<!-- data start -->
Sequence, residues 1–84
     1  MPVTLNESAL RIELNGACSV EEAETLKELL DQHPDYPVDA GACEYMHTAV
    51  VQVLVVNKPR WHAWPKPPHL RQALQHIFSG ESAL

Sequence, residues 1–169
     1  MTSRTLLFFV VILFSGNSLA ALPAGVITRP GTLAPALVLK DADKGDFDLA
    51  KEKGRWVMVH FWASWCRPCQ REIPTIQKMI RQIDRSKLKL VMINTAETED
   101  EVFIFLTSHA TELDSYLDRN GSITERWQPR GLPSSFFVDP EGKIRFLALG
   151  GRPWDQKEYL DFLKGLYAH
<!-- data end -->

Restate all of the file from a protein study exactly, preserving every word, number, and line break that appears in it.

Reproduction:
Sequence, residues 1–84
     1  MPVTLNESAL RIELNGACSV EEAETLKELL DQHPDYPVDA GACEYMHTAV
    51  VQVLVVNKPR WHAWPKPPHL RQALQHIFSG ESAL

Sequence, residues 1–169
     1  MTSRTLLFFV VILFSGNSLA ALPAGVITRP GTLAPALVLK DADKGDFDLA
    51  KEKGRWVMVH FWASWCRPCQ REIPTIQKMI RQIDRSKLKL VMINTAETED
   101  EVFIFLTSHA TELDSYLDRN GSITERWQPR GLPSSFFVDP EGKIRFLALG
   151  GRPWDQKEYL DFLKGLYAH